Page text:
By S. Marty Williams
I first met Kosal Khiev in the mid-to-late 2000s while we were both in California State Prison–Sacramento. Young, Cambodian, covered with tattoos and still wearing the gangster mystique of refugee street life, he haunted the Arts In Corrections writing workshops, rap ensembles, and Men’s Support Group meetings for several years.
He was born in a refugee camp during the Khmer Rouge regime, to a French father and Cambodian mother. His father remained abroad while Kosal, his mother, and his siblings came to the United States. From boyhood, he ran with Cambodian street gangs until ending up in an Alabama youth detention facility. He was extradited to California on an attempted murder charge at age 16, and sentenced to 16 years.
While in prison, his talent with words put him among the rappers in the music programs, but he never quite fit in. In open-word poetry, he found the freedom to shape the flow and beat and cultural tone, and soon became a master. He walked the oval asphalt track of the prison yard every day, memorizing hundreds of words, shaping their sounds and rhythms, reciting, reworking, and searching for the soul of his own poems. To the casual observer, he looked unhinged. When he performed in yard shows or for visiting artists, his words and presence were mesmerizing, full of hope, pain, pleading, and just a little nihilism, the voice of those who have lost everything except their souls.
Kosal was released from prison in 2011. Due to strict immigration enforcement laws following 9/11, he was deported to Cambodia. With his family still in California, he found himself alone in a country where he didn’t speak the language, and had the added stigma of being an ex-con from America. Yet, Kosal continued performing poetry on the streets, enthralling passers-by in spite of the English words. The media lab Studio Revolt took notice and featured his poetry, and he soon became their first artist-in-residence.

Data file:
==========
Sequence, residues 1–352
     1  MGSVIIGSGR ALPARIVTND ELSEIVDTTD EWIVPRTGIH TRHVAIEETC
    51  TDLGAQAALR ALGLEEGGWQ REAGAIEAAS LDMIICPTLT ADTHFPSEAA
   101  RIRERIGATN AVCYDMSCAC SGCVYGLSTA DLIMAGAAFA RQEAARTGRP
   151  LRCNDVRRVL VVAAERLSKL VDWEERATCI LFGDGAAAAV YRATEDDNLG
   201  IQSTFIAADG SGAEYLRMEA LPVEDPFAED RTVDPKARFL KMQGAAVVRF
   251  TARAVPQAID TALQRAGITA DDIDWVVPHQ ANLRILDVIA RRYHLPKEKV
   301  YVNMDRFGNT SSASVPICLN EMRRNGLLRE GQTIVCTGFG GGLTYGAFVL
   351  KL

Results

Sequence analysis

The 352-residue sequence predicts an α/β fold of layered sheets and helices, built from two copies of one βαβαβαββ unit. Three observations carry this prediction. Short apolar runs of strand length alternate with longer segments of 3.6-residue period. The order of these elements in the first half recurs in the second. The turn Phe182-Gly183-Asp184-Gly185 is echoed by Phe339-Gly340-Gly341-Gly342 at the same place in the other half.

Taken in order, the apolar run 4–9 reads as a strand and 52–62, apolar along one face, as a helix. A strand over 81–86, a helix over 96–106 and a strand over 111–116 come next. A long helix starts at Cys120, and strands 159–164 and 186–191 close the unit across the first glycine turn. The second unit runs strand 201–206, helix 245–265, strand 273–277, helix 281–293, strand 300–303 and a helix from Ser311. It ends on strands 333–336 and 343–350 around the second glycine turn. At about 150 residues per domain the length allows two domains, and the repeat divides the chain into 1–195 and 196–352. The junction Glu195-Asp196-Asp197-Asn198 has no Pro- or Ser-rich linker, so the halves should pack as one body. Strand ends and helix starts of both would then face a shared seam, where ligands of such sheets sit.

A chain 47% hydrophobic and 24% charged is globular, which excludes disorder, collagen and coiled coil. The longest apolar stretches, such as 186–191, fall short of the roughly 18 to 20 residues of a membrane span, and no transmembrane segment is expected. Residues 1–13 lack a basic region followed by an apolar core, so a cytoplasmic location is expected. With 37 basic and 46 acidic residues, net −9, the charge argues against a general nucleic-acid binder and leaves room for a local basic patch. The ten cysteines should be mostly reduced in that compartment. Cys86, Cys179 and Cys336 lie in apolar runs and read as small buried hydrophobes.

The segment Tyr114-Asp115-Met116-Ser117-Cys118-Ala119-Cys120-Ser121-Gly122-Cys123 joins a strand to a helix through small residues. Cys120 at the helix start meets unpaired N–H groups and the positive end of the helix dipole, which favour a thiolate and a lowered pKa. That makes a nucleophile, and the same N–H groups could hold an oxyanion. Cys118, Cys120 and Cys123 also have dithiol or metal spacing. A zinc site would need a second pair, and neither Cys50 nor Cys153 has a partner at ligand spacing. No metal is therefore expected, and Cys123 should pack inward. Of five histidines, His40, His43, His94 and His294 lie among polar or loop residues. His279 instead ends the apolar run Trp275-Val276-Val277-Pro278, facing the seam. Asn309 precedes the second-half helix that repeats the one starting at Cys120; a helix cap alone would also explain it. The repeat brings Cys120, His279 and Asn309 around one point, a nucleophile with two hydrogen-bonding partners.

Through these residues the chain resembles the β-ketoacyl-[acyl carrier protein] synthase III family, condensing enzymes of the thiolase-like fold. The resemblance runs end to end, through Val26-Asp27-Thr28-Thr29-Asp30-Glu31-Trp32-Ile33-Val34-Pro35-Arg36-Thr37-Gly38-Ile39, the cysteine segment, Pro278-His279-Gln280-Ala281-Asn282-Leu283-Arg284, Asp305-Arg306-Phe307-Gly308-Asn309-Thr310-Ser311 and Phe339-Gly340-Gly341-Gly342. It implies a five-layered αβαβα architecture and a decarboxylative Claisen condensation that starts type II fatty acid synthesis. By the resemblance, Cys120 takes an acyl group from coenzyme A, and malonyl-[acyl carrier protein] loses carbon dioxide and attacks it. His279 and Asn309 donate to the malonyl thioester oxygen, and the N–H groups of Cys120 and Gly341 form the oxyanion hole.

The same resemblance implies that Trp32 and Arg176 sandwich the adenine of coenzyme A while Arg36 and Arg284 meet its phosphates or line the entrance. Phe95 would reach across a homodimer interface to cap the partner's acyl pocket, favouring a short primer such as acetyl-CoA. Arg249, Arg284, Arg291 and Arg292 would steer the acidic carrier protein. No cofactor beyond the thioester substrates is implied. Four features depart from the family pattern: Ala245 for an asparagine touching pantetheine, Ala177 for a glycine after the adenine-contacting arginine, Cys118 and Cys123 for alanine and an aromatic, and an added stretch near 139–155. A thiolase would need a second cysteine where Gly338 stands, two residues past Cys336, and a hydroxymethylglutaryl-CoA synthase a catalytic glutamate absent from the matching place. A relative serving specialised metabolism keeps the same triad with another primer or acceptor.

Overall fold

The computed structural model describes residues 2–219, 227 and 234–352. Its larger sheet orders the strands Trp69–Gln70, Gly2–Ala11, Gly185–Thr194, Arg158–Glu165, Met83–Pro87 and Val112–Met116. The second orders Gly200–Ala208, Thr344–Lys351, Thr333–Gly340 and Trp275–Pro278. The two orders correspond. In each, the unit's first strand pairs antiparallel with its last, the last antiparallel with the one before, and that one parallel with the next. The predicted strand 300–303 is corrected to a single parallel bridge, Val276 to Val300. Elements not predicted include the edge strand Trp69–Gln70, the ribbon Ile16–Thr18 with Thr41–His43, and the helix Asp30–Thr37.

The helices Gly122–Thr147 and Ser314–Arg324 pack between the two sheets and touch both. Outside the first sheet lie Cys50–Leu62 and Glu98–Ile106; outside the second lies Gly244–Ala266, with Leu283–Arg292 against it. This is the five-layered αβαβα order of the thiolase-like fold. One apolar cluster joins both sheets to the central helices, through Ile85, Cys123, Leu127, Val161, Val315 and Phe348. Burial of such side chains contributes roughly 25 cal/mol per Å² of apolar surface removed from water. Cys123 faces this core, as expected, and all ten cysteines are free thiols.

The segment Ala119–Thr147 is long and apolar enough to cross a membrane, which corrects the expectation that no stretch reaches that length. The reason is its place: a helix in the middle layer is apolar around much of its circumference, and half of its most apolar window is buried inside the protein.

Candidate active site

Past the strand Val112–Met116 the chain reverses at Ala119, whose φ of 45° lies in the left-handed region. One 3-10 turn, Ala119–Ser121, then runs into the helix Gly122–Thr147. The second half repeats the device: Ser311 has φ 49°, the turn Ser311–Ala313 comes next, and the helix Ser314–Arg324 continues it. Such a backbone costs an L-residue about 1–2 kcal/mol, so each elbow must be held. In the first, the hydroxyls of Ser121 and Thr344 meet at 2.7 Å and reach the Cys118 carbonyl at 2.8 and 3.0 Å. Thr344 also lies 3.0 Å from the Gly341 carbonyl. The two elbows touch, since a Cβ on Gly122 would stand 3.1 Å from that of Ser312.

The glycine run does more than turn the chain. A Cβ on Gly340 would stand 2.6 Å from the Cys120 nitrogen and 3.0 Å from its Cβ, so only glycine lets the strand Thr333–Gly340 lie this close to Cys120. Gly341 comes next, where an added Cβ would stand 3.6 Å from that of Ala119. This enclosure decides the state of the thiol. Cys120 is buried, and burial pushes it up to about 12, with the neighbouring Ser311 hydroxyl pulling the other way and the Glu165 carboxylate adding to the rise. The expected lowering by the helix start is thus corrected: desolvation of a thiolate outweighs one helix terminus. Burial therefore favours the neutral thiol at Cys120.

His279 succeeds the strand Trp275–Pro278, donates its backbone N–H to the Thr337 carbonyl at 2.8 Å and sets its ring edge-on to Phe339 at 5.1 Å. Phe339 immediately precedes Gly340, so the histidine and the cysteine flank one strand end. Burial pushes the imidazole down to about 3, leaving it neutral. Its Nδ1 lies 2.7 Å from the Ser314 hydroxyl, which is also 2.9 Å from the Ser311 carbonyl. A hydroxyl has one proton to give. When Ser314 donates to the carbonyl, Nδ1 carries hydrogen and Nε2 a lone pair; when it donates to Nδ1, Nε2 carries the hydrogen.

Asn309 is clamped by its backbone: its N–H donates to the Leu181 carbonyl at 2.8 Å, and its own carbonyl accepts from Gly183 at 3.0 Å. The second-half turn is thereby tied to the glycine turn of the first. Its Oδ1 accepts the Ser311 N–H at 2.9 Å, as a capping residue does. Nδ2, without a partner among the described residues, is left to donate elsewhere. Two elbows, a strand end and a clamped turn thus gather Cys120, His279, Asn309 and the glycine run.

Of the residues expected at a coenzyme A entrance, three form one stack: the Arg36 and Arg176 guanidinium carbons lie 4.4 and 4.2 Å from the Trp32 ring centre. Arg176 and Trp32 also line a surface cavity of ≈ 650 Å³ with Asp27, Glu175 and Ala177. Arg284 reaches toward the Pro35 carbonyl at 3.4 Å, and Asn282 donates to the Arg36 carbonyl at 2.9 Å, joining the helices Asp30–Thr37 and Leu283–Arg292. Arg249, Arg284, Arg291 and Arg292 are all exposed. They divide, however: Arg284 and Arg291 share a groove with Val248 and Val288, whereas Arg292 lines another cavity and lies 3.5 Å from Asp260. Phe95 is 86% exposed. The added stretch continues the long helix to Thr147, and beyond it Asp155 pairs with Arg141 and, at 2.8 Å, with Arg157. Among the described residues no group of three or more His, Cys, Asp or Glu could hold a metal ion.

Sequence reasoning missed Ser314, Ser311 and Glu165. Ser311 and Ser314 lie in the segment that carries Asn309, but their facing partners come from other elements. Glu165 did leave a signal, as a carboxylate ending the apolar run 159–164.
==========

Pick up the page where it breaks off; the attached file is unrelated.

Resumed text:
In 2012, Kosal was invited to join 200 other poets representing their respective countries at the Olympic Games in London. He would represent Cambodia at a unique cultural event called Poetry Parnassus, in the company of international poet laureates like Seamus Haney and Kay Ryon, one of many “Cultural Olympians” from around the world. His journey to, and experience of, the London Games would be the subject of the documentary Cambodian Son, featured on PBS World’s series “America Reframed.”
During those days, I received a letter from Kosal. He wrote, “Life has been a journey for sure, and as you read this letter across space and time know that I am well. Know that I am thriving and surviving … know that I am living life, taking and breathing in and capturing all the beauty that surrounds me.”
He traveled a long way to find his voice. He found it right out of prison, as did Pablo Neruda, Fyodor Dostoevsky, Jimmy Santiago Baca, and Etheridge Knight. Sometimes we don’t know what the dream is until we’re living it.
Originally Published in the Mule Creek Post